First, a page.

Visionary Vigor Meets a Child's Story
'LEAFY and Adam at the Seaside" is a story by James Maudsley, written at the age of 6. He won a school prize for it.
James's mother, Carol Ann Sutherland, is a Scottish-born (1952) artist. When her London dealer, Gillian Raffles of the Mercury Gallery, suggested Sutherland might make an "artist's book a group of etchings illustrating a story or simply a group of etchings - it was her son's little narrative of a mermaid, a dragon, and a small boy that gave her the impetus to "go off on her own tangent" and work up to the suite of seven colored etchings.
Although witty, with more than a nod towards the images and fantasies of a child, these etchings, the first this painter has made, have an attacking vigor and a visionary sophistication that carries them into her own imaginary world of enigma and dream.
Though the book was conceived as a book for an adult to read to a child, an "artist's book" is in fact a special genre commanding high prices, limited to a small edition, and printed and bound by skilled craftsmen working with the artist, who signs and numbers each volume. Hardly "a kid's book" in any conventional sense.
What matters here is the inspiration that unlocked Sutherland's own hard-won creativity. Six years of telling stories to her oldest child, and having him tell her stories back, formed a "bonding" that made it possible for her to "see and feel what his little people were about."
He also draws in her studio while she is working. They respect each other's freedom to work.
"We talk about the sea a lot," the artist says. She herself has lived most of her life near the sea - in different parts of Scotland until she moved to London. She used to sail a great deal. Now living in Kent, she is again quite near the ocean.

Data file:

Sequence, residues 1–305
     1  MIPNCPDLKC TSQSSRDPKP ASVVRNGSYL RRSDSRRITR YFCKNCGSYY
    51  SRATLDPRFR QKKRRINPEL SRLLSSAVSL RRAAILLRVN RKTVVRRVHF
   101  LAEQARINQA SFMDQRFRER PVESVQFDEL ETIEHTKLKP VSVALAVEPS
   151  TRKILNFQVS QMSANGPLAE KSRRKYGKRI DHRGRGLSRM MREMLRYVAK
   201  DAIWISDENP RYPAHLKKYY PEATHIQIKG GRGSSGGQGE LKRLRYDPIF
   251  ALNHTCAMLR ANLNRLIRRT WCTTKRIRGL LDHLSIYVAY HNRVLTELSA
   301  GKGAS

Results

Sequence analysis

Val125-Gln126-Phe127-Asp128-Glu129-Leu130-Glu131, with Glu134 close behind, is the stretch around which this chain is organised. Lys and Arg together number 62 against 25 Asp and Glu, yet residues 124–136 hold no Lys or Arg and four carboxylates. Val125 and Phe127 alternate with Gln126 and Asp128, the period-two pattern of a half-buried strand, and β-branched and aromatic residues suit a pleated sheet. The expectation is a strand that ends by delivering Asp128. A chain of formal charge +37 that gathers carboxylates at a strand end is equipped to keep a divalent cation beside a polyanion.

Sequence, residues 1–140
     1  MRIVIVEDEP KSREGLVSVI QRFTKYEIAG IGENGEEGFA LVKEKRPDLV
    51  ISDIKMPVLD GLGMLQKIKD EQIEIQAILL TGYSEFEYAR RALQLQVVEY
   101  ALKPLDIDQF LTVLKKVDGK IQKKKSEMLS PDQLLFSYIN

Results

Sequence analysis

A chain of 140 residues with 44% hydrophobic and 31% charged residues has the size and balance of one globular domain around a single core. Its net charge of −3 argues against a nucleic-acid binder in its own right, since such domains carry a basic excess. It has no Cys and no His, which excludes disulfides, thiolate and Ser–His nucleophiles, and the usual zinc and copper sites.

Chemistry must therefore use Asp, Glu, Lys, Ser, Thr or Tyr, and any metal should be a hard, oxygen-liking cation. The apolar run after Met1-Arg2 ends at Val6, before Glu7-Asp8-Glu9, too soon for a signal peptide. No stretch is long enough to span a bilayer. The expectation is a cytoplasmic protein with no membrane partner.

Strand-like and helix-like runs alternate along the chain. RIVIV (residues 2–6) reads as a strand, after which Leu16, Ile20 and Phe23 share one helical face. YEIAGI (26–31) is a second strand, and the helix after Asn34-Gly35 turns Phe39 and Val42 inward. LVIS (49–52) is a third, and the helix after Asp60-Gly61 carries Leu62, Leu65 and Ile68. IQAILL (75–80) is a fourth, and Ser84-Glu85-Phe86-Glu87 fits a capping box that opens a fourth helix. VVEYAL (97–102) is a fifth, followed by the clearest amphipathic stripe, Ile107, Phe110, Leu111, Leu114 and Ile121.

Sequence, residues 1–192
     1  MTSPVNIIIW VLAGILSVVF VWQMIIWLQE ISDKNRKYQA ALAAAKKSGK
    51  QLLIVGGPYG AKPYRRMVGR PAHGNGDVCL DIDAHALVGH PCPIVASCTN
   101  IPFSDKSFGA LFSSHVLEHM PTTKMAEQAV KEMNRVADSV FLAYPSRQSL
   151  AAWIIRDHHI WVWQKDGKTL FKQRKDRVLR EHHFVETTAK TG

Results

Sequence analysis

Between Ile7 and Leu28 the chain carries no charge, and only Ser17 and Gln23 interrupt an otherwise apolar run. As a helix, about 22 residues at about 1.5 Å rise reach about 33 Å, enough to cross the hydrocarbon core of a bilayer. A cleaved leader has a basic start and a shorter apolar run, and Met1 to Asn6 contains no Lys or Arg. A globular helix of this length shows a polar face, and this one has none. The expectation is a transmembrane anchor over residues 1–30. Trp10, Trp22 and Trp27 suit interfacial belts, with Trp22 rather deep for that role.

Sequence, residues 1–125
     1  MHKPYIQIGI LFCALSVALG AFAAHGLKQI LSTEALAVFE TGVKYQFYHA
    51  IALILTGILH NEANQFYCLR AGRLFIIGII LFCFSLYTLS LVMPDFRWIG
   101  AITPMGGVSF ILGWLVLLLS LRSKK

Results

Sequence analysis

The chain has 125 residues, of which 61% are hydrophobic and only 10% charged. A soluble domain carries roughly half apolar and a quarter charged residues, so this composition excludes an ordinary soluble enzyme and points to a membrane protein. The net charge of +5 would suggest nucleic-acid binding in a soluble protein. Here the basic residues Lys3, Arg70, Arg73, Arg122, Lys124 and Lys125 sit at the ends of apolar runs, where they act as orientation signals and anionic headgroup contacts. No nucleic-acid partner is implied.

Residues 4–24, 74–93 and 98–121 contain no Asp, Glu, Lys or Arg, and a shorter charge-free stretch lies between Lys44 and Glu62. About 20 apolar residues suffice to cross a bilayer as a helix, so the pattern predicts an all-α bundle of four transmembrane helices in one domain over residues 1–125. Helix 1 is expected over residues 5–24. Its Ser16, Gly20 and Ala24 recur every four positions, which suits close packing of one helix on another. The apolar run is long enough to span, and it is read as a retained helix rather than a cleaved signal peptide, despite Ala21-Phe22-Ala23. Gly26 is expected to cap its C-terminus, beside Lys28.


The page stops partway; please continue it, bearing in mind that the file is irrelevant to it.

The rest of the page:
The house Adam's house" in the story - belongs to her dealer. James has been there. "It is on the waterfront. A lovely Victorian wharf building. I mean - it's like everything I do, you can go back to where it originated."
The plump dragon owes much to James, who loves dragons. But the bald mermaid originated from the days when Sutherland was a student in Glasgow and drew some "camp" actors rehearsing: Idiosyncratically, the "vanity" of women's hair was hidden at this theatre's rehearsals under skullcaps. The mermaid's tail is also like a costume. And when she is depicted on the beach, her tail is provided with toes. In this, Sutherland followed the reasoning of James, who pointed out the difficulty for mermaids required t o walk on land.
Sutherland's work never comes to her cold. She can work for long periods before feeling that what is locked inside her is at last appearing. A painting can come together only in the last hour or so of its making.
She destroys work quite frequently. (Her dealer takes things "into custody" to rescue them from the temporary fury that wreaks such havoc.) She talks of extreme highs and lows in her self-esteem. She is sensitive to good work by other artists that seems to diminish hers; equally, she feels that disappointing work by others somehow "muddies the waters" for everyone.
She is intensely serious about her work. And one of her disappointments is when people simply find her work "nice" or "charming," missing - because her "subject matter isn't harrowing the actual rigor and demand of her very subjective and rather puzzling visionary world.